Well, even a two year old given a few choices by her parents could probably intimate that decisions at least are nothing of the kind. They are by default subjective. So what about choices then? They too are subjective, as in they are subject to expectations.

Expectation is an interesting word. It refers to the future, but it implies a wait period, one of those stretches of time between possibility and reality, kinda like the stretch of time between a choice and a decision… maybe they are related?

The choices we contemplate have nothing much to do with logic, even though logic is a very useful tool in contemplating choices, especially difficult ones. Think of the inferences: if this, then that, and if that, then the other thing will happen. That’s as far as I can go with logic, chess is fascinating but not my forte for exactly the same reason. I do enjoy simple logic puzzles and sorites though. But I digress…

As I was saying, the choices we contemplate are not objective, they are subject to expectation, the waiting between our potential and our actual execution. And if it seems to you that these concepts seem to flow one into the other while at the same time remaining different… let’s say that occasionally I get headaches too! 🙂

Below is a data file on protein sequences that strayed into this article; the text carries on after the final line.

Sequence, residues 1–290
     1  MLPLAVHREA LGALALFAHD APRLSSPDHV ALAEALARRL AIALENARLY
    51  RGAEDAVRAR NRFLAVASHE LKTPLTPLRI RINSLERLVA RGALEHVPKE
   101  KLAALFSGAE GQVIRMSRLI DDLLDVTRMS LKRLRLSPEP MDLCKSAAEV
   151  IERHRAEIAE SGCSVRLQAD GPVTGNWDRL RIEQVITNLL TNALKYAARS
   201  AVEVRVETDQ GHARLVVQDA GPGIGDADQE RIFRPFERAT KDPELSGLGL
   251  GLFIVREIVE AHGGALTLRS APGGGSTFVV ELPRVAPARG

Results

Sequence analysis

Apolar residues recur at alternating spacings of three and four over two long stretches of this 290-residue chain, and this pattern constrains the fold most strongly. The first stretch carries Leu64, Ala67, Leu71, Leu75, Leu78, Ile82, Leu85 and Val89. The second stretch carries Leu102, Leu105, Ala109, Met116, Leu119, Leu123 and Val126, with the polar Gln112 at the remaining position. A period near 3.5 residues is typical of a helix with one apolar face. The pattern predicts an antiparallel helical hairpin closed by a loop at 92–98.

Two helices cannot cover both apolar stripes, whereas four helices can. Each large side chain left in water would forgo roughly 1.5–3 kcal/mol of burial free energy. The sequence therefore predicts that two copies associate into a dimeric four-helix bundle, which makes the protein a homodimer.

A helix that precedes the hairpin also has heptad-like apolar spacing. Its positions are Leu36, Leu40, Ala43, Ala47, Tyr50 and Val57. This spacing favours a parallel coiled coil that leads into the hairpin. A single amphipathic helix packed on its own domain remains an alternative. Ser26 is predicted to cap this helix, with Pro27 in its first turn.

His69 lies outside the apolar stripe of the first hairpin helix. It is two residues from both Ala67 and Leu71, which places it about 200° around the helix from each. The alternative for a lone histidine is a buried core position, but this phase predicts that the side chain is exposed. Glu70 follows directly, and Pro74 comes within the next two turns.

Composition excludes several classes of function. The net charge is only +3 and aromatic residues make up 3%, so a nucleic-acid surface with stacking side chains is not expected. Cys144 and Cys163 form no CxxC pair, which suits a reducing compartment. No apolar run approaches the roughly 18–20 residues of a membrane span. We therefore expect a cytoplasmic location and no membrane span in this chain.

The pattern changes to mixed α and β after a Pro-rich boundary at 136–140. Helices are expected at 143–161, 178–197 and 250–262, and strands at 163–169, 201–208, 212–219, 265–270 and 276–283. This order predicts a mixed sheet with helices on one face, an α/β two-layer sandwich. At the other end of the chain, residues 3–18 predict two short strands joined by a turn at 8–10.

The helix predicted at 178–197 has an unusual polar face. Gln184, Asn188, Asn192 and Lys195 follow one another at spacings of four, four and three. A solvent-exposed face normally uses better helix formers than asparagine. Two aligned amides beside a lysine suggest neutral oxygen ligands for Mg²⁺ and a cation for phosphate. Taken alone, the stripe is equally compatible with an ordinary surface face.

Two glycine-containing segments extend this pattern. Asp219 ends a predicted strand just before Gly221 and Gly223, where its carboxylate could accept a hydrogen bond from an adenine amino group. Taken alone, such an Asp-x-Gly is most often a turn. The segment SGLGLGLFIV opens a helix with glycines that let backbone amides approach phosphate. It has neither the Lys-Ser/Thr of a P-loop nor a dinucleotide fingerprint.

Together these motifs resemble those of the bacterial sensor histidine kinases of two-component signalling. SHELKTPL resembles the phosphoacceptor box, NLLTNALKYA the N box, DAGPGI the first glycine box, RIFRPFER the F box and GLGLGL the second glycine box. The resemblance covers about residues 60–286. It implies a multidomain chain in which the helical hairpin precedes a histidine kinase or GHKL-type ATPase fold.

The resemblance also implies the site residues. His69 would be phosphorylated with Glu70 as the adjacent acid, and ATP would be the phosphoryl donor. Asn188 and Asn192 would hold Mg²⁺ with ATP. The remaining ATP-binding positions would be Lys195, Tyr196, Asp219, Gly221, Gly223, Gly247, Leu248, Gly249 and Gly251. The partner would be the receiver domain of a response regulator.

If by any chance you’ve gone to school, then expectations are something you are familiar with. They get repeated later in the workforce, by the bank and a few other institutions like the justice and revenue departments. Parents are the first ones though to expect things of us. Whether it’s manners, eating our dinner or playing quietly, expectations are usually quite clear. And high!

Now I am very competitive with myself so you could say that high expectations are the rule. And they are, I can’t really do much about it. What I can do something about is figuring out if those expectations are realistic. A lot of the times they are not, what with me being an idealist (the only way is down). I am not sure about it, but I suspect it might be a tad easier for a perfectionist – after all, their only way is up… but is there an end?… hm, maybe I am mistaken and there is no easy way.

What age and experience and lots of experiments have taught me is that expectation is tricky. Low expectations are supposed to be great when you have someone lacking confidence because you have greater chances of them succeeding. Hm, in my experience the pessimism low expectations come with just makes everyone miserable and likely to fail altogether.

High expectations are a bit better if the person can hold them in check. Too high expectation, or too big a difference between potential and action leads to either outright failure or to a breaking of the soul. Messy, nasty and a complete waste of time and energy.

High expectation hovering just slightly above the current ability of a person… ah, that is a wonder to behold, the stretching, the reaching, and, with a bit (ok, a lot) of work, the actual contact… a great feeling… that will give you the strength to try again!